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How reliable is the Skoda Octavia Mk3?

It would appear to have proved itself a dependable vehicle for many, as the main complaints around the Skoda Octavia Mk3 revolve around the earlier six-speed DSG unit. It can occasionally lock in gear, which is a fault with the mechatronics unit, or you can experience a shuddering sensation if the dual-mass flywheel is worn. Shift-control software issues are also a possible flaw with these earlier DSGs, but they're not gearboxes to be avoided - rather, when buying a used automatic Octavia, especially a pre-facelift 2013-2016 car, just make sure it shifts gears smoothly and responds to throttle and sequential shift-gate inputs with little hesitation.

General electrical maladies can also manifest in the rest of the Octavia's systems, so ensure that all the electric-powered equipment on the car functions as it should. Owners have reported failed water pumps on some models, and as with any turbocharged cars and/or turbodiesels, you need to watch for worn turbos on higher-mileage used examples (any sign of excessive white smoke or any blue smoke at all from the exhaust pipe is to be avoided) of both the petrol engines and the TDIs, and on the latter you might also encounter clogged diesel particulate filter (DPF) problems if the previous owner used the Skoda for lots of regular, short journeys - these don't allow the DPF to get up to the optimum temperature and clean itself through properly.

Two voluntary recalls were issued during the Skoda Octavia Mk3's life. The first, heralded in July 2016, affected the manufacturing period from November 25, 2016, to April 14, 2016, and concerned the manual child locks. These could break as they were potentially damaged during the production process, meaning that a manual child lock could be unnoticeably switched off, especially in the case of strong jolts (bumps in the road) going through the car. This would then allow children in the back to open the rear doors with the vehicle in motion, so the Czech company took action and recalled 1,490 affected vehicles in the Irish market. Bear in mind these won't all be Octavias, as this recall also affected Skoda's Rapid and Citigo models.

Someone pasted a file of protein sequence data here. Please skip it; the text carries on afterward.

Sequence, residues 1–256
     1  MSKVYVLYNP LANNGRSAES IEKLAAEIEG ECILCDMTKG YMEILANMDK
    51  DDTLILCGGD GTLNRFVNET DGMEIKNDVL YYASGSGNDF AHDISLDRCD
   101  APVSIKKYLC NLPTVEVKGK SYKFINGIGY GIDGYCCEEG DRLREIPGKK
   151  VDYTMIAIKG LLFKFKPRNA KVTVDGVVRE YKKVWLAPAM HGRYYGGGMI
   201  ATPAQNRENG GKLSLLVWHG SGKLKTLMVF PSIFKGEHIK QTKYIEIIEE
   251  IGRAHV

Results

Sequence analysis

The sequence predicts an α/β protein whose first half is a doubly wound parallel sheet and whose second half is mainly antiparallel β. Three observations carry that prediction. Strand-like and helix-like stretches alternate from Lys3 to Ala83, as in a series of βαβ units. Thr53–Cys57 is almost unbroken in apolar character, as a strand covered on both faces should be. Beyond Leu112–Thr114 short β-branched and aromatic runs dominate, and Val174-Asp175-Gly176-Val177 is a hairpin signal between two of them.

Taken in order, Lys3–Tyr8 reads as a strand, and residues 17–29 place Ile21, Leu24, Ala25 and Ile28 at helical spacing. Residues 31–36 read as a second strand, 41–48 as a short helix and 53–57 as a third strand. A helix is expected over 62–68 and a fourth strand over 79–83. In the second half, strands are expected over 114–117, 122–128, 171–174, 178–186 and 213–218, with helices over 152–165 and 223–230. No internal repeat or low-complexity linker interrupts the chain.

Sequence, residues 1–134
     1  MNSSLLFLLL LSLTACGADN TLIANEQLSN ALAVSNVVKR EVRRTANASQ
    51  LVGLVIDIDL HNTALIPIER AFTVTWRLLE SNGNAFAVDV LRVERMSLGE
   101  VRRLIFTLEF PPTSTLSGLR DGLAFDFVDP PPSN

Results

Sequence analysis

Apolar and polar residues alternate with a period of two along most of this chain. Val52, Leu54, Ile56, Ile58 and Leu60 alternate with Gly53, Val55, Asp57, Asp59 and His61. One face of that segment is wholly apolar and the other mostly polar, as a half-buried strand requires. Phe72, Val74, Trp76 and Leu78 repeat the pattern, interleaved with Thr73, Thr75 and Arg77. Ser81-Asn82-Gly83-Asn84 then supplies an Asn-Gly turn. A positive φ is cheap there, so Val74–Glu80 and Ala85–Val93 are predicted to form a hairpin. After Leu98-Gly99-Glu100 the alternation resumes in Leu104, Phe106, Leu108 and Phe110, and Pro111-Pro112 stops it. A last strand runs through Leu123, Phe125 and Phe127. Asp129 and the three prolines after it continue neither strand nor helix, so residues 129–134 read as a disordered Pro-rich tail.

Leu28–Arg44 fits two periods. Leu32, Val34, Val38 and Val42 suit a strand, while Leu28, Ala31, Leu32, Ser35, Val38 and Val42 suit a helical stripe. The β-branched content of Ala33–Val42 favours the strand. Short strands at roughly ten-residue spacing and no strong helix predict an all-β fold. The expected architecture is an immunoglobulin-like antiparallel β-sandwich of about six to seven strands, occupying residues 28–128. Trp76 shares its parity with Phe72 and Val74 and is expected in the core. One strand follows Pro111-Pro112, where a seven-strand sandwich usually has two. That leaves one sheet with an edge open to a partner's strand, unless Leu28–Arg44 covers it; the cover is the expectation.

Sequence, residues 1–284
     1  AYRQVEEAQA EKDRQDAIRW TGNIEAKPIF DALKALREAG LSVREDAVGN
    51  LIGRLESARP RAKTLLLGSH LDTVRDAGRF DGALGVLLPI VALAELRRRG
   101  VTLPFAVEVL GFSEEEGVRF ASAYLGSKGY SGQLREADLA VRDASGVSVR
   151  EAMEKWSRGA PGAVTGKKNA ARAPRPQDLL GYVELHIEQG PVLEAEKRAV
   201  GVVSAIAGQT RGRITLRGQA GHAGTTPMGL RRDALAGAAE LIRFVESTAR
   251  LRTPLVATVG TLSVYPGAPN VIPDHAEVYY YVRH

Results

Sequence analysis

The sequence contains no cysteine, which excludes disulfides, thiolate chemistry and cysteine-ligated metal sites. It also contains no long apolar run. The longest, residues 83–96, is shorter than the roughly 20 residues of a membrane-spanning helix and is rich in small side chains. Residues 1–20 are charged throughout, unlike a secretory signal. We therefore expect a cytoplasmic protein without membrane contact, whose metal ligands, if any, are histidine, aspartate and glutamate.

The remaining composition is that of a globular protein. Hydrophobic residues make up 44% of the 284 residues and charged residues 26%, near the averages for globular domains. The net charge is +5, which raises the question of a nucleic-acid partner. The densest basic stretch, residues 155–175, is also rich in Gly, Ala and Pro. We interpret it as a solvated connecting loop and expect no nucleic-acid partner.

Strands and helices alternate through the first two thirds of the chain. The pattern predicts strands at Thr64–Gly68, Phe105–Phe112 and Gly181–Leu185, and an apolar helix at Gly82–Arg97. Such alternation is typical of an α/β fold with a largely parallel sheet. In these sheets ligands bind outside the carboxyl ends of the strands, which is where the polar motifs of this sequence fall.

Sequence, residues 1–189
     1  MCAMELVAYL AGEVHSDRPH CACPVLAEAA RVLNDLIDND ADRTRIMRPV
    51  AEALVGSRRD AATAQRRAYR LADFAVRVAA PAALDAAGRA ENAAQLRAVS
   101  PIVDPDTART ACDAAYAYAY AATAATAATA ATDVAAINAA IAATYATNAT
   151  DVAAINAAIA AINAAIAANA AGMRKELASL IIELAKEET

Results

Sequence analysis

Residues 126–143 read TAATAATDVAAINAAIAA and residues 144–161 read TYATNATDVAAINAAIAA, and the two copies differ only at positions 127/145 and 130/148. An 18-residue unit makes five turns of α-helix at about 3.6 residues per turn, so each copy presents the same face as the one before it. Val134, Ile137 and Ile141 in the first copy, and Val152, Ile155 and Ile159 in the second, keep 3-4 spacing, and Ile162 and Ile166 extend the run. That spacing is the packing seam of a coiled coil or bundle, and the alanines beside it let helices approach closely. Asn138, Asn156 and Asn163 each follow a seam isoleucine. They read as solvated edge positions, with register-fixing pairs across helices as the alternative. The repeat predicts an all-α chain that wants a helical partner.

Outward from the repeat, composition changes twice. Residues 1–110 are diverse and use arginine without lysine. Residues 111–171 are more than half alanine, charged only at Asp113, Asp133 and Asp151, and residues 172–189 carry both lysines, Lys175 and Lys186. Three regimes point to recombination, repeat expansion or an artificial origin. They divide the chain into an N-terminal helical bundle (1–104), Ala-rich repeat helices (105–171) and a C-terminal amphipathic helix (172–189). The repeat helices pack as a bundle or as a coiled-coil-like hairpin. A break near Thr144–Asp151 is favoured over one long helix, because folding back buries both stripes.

Then, in February 2019, a recall was issued on Octavia models (and Karoq SUVs, too) produced between May 2018 and August 2018. This revolved around a possibly defective rear-seat backrest, with the fitting for the head restraint not meeting requirements - meaning the support and protection offered by the head restraint could be compromised in the event of an accident. This recall affected 163 cars in Ireland, spread across the two models, so there will only be a minor few Octavias affected, but check that any car you're looking at that falls into these two recall brackets has had the necessary remedial work carried out by a previous owner.

Next section: When should I service my Skoda Octavia Mk3?

Engine and range options for the Skoda Octavia Mk3
How reliable is the Skoda Octavia Mk3?
When should I service my Skoda Octavia Mk3?
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Alternatives to the Skoda Octavia Mk3

Last updated on August 28, 2020